Journal of Biomolecular NMR

, Volume 32, Issue 2, pp 151–162 | Cite as

Relating side-chain mobility in proteins to rotameric transitions: Insights from molecular dynamics simulations and NMR

  • Hao Hu
  • Jan Hermans
  • Andrew L. Lee


The dynamic aspect of proteins is fundamental to understanding protein stability and function. One of the goals of NMR studies of side-chain dynamics in proteins is to relate spin relaxation rates to discrete conformational states and the timescales of interconversion between those states. Reported here is a physical analysis of side-chain dynamics that occur on a timescale commensurate with monitoring by 2H spin relaxation within methyl groups. Motivated by observations made from tens-of-nanoseconds long MD simulations on the small protein eglin c in explicit solvent, we propose a simple molecular mechanics-based model for the motions of side-chain methyl groups. By using a Boltzmann distribution within rotamers, and by considering the transitions between different rotamer states, the model semi-quantitatively correlates the population of rotamer states with ‘model-free’ order parameters typically fitted from NMR relaxation experiments. Two easy-to-use, analytical expressions are given for converting S2axis’ values (order parameter for C–CH3 bond) into side-chain rotamer populations. These predict that S2axis’ values below 0.8 result from population of more than one rotameric state. The relations are shown to predict rotameric sampling with reasonable accuracy on the ps–ns timescale for eglin c and are validated for longer timescales on ubiquitin, for which side-chain residual dipolar coupling (RDC) data have been collected.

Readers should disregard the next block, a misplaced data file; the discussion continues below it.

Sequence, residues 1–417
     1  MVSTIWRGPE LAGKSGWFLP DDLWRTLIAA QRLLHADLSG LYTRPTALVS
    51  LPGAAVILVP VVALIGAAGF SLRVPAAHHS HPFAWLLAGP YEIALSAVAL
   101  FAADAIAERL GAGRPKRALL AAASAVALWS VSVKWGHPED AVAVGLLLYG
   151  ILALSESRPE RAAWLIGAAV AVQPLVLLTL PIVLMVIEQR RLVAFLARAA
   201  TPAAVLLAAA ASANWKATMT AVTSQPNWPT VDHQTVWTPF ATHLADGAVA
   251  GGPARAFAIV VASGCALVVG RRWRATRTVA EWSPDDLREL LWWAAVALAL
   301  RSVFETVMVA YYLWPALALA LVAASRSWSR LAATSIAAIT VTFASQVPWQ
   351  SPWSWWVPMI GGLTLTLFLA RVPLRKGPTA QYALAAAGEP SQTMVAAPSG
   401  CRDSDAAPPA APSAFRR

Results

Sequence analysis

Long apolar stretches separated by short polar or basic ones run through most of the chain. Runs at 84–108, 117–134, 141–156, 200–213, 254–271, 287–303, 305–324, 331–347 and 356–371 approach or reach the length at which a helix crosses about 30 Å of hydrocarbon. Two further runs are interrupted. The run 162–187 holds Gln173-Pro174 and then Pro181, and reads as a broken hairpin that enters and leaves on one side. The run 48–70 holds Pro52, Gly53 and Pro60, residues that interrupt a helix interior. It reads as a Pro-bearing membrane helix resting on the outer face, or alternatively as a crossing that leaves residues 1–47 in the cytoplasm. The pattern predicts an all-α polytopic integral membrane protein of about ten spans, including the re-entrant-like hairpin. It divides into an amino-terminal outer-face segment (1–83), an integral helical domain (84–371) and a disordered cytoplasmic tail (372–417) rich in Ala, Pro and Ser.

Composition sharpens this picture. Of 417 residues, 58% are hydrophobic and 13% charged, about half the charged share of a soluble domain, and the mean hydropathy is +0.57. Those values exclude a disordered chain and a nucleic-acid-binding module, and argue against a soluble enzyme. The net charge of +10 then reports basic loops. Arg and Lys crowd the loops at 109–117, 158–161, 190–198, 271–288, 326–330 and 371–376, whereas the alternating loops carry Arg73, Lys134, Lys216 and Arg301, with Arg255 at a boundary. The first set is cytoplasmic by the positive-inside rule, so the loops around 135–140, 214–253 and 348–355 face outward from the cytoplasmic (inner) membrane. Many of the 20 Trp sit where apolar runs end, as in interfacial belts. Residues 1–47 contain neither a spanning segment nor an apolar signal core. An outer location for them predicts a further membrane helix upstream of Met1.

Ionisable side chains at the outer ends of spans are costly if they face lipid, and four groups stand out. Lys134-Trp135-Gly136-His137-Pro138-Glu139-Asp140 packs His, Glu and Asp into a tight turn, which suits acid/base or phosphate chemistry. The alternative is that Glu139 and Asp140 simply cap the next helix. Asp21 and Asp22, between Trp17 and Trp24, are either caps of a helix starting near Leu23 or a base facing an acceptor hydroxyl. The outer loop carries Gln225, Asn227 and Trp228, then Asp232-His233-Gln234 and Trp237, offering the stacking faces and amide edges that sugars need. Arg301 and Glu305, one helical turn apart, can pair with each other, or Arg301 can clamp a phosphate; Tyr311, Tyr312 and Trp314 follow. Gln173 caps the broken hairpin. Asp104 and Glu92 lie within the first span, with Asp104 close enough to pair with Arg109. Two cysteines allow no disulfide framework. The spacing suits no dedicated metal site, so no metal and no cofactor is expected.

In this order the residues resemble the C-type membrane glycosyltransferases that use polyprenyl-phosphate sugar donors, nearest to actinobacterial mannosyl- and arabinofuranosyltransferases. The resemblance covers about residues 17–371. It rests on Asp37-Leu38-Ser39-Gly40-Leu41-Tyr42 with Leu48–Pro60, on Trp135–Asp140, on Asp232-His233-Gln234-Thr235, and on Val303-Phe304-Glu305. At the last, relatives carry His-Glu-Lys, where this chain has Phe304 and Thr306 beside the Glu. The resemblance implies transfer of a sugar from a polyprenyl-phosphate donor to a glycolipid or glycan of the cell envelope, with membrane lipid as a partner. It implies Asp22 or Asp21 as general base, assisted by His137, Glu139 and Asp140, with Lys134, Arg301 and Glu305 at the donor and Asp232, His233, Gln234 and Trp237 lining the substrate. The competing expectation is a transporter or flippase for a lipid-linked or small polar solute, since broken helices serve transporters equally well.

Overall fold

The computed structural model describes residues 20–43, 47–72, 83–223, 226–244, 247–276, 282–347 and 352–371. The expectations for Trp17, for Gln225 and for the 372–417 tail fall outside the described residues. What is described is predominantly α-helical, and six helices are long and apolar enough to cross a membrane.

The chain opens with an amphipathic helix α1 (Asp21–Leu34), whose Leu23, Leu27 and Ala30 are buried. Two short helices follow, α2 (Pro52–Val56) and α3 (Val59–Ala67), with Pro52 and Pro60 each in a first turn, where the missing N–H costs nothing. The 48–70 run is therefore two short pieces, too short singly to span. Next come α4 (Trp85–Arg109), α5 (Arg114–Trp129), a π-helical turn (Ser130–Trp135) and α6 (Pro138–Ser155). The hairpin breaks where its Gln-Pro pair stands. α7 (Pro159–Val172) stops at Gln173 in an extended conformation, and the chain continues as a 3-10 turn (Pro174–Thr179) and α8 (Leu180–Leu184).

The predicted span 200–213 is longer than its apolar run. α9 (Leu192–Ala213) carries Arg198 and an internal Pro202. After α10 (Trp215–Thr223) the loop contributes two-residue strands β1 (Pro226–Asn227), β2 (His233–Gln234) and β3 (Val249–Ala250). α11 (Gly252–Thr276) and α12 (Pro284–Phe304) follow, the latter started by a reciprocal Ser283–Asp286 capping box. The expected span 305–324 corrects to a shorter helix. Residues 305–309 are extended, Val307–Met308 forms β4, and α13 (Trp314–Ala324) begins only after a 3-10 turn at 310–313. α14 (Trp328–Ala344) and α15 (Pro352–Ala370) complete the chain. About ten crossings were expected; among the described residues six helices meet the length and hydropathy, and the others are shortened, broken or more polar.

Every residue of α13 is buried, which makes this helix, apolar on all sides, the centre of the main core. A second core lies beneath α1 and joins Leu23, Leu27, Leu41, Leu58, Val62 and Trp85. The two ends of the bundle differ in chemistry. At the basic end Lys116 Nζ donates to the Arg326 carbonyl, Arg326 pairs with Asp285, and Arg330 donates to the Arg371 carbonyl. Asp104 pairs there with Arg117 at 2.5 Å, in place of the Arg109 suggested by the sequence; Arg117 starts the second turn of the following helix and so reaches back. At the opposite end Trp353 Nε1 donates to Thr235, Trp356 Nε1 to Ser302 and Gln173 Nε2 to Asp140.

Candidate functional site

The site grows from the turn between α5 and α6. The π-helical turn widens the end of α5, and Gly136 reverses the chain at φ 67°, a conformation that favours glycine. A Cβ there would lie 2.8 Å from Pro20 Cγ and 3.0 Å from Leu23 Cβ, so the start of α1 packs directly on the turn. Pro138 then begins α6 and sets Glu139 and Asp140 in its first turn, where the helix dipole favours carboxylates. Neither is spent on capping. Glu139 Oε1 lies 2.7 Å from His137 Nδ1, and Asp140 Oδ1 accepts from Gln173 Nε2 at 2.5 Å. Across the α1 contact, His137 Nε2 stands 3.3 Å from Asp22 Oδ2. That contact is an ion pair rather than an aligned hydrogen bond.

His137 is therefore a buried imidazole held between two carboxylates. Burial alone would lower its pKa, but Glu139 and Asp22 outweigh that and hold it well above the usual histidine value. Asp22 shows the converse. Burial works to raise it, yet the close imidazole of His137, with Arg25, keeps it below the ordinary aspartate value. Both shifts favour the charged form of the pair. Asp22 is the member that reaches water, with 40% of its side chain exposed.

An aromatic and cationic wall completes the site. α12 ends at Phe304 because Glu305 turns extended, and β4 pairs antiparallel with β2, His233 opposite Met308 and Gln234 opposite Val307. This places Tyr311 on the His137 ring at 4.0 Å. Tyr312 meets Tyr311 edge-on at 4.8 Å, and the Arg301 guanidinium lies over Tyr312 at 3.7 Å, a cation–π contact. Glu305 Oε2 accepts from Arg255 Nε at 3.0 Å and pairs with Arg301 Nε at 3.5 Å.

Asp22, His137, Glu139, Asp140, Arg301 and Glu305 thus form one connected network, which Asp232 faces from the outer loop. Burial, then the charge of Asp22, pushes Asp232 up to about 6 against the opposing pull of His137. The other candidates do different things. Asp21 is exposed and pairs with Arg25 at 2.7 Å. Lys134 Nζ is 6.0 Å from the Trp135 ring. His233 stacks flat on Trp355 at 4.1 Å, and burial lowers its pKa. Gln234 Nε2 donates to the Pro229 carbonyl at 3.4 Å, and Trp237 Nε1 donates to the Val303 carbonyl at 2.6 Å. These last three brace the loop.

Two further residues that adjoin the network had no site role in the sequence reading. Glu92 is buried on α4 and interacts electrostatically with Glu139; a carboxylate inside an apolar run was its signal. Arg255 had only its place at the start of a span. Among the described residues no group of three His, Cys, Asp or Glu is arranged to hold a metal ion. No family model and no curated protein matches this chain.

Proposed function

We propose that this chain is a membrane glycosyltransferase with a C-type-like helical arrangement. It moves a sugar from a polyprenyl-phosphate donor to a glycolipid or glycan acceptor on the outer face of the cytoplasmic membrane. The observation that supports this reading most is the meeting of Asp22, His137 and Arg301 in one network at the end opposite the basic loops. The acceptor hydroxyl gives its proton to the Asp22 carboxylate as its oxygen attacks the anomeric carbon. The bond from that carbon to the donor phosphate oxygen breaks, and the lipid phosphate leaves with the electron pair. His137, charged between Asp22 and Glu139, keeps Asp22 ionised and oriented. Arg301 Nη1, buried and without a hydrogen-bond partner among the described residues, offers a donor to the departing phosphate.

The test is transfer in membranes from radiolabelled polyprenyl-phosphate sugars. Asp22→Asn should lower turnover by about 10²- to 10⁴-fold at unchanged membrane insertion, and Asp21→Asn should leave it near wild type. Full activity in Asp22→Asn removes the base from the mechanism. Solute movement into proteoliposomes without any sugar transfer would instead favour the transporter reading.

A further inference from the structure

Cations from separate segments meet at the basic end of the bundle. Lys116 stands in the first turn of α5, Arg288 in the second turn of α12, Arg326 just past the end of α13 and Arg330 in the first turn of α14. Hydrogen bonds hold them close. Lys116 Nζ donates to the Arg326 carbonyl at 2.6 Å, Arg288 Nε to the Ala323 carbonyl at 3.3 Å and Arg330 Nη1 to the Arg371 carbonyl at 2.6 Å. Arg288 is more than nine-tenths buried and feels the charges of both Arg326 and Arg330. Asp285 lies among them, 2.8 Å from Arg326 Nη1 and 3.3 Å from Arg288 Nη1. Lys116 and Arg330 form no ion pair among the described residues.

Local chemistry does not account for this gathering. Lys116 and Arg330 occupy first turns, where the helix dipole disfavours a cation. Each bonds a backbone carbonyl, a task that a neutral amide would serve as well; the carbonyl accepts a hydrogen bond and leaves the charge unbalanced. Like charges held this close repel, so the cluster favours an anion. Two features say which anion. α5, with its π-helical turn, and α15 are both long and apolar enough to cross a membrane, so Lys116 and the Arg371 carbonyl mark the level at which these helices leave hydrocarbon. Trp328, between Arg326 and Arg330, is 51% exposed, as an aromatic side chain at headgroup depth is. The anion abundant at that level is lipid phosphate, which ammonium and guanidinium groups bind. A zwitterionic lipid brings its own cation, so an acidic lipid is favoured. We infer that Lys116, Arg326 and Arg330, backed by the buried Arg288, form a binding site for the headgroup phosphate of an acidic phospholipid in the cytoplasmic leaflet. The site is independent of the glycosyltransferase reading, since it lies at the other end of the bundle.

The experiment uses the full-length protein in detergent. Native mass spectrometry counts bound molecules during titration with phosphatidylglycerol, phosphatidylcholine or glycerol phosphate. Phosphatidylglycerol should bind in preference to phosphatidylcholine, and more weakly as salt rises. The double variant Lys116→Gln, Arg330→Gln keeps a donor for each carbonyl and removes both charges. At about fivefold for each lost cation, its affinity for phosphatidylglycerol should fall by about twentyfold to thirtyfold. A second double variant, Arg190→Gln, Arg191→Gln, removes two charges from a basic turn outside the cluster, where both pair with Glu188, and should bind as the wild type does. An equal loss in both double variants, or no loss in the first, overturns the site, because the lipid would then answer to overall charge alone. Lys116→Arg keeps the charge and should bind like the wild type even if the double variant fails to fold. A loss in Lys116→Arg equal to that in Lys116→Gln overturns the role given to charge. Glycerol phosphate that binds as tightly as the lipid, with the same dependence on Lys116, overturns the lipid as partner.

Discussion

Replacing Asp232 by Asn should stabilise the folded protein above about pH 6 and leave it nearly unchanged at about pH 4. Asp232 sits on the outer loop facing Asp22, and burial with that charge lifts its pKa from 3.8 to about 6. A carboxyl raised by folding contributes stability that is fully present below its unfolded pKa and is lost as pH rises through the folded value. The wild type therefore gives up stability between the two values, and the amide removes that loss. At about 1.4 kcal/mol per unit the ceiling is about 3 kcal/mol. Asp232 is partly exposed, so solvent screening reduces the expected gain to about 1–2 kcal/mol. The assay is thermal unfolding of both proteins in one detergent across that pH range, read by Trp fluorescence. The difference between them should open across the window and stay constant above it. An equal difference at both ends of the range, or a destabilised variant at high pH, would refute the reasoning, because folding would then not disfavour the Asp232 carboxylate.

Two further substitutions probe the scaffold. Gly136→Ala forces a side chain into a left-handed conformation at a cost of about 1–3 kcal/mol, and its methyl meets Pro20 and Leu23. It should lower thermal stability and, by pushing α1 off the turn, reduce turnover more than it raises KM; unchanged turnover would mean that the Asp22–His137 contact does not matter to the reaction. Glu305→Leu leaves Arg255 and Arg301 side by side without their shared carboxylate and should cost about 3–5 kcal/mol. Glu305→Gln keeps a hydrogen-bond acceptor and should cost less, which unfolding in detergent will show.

Key words:

S2axis’ molecular dynamics simulation NMR order parameter rotamer populations side-chain dynamics 



fractional population of the major rotameric state of a side chain


Lipari-Szabo ‘model-free’ order parameter


‘model-free’ order parameter for the methyl symmetry axis


molecular dynamics


molecular mechanics


nuclear magnetic resonance


residual dipolar coupling.


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Copyright information

© Springer 2005

Authors and Affiliations

  1. 1.Department of Biochemistry and Biophysics, School of MedicineUniversity of North Carolina at Chapel HillChapel HillUSA
  2. 2.Division of Medicinal Chemistry and Natural Products, School of Pharmacy, A.L.L.University of North CarolinaChapel Hill

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